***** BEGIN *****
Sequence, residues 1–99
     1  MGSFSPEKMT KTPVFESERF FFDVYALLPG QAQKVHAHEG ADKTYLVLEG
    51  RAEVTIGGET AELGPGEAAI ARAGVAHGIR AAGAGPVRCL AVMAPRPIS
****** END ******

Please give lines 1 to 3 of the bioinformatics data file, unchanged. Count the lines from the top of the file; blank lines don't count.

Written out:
Sequence, residues 1–99
     1  MGSFSPEKMT KTPVFESERF FFDVYALLPG QAQKVHAHEG ADKTYLVLEG
    51  RAEVTIGGET AELGPGEAAI ARAGVAHGIR AAGAGPVRCL AVMAPRPIS